The bad guy is also a problem. The original had The Duke and he fucked with the president by handcuffing him to the wall and shooting at him, while making him tell The Duke that is "A number one". He made the president into a whiny sissy man. And because he was played by Isaac Hayes the character is given even more badass credentials.
The bad guy here is no match for The Duke. His name is Cuervo Jones and he looks like a Che-type freedom fighter. But there isn't any badassness to him. Sure he conned the president's daughter into stealing some black box that we never really believe that he is going to use, but he just doesn't do anything that seperates him from the other stock villains of countless action movies. He's just another "one of the guys" that we are so used to seeing in these types of movies.
Snake is really given anybody substanial to play off of either. In New York he was given the aforementioned Isaac Hayes, but he is also given Harry Dean Stanton, Ernest Bourgnine, and Adrienne Barboue. Here he is given Steven Buscemi and George Corraface. I mean who the fuck is George Corraface? I know he played Christopher Columbus in that really shitty Columbus movie, but he doesn't have the awesomeness that is needed to be the foil to Snake Plissken. Steve Buscemi is a fine actor, but he doesn't seem like he belongs in this movie. This role should have gone to someone different, but I can't think of anybody who could do it.
The only people that Snake gets to play off of are actors who are only in the movie for a few minutes. Bruce Campbell plays the Surgeon General of Beverly Hills, catering to all of the residents who are addicted to plastic surgery. Perter Fonda plays an aging surfer who really serves no purpose to the story other than giving Snake a totally non-badass scene were he surfs. Pam Grier plays a transsexual who use to run with Snake back in the day. All of these actors and their characters would have served Snake better if they had been in the movie longer. In fact any of these actors would have been better at playing the villian than George Corraface.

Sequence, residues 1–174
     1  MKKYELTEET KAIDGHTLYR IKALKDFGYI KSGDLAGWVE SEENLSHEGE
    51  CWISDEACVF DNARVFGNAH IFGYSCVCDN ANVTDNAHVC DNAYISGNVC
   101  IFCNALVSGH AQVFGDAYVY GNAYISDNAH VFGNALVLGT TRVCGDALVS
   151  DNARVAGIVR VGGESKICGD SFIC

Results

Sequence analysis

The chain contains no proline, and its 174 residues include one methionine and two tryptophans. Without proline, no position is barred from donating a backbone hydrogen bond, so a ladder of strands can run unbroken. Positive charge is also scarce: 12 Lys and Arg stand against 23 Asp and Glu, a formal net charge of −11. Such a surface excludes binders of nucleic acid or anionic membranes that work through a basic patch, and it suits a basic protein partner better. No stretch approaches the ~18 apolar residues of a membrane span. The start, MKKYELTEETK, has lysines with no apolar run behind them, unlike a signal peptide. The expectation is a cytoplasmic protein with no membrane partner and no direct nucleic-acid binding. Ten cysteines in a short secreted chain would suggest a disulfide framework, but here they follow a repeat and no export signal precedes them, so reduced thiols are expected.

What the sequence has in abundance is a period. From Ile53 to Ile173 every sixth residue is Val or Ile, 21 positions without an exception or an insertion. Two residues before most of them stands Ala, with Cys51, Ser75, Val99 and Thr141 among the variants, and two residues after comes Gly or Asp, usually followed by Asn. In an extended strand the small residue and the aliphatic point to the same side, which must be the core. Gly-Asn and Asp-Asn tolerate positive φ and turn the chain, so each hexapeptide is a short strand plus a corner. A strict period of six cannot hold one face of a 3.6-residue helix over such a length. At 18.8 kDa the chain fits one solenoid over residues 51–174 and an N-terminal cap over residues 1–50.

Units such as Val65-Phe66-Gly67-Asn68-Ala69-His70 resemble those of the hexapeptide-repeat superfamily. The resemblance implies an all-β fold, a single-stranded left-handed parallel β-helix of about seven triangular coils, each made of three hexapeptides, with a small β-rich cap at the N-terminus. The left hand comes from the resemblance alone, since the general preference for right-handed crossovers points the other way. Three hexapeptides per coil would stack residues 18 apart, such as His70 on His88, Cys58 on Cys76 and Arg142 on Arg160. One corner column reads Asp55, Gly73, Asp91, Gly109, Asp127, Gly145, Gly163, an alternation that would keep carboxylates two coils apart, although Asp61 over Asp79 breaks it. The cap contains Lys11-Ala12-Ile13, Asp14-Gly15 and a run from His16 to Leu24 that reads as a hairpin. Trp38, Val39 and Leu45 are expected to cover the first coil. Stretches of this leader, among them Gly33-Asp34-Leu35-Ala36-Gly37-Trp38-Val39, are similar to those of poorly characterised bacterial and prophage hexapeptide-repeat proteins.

Escape from L.A. can't be the movie that Carpenter wanted to make. I am convinced that there had to be some studio interference at some point. Carpenter has made so many great movies that I refuse to believe that this is entirely his vision. But given his track record after They Live I can kind of see it. It is a shame if it is true. This movie could have been so much better if they had dropped the budget down and focused on not trying to pussify Snake. Even though he does pull a pretty badass movie at the end, this doesn't seem like the same Snake from New York. He seems to have a heart and that is one thing that Snake does not and should not have.
I can not recommend this movie to anyone outside of Carpenter/Russell fans. Looking back on the movie fourteen years later has really not be kind. The movie is a shallow reminder of the Carpenter movie that we love and the badassness that Russell had. This is a very poor excuse of a follow-up to Escape from New York.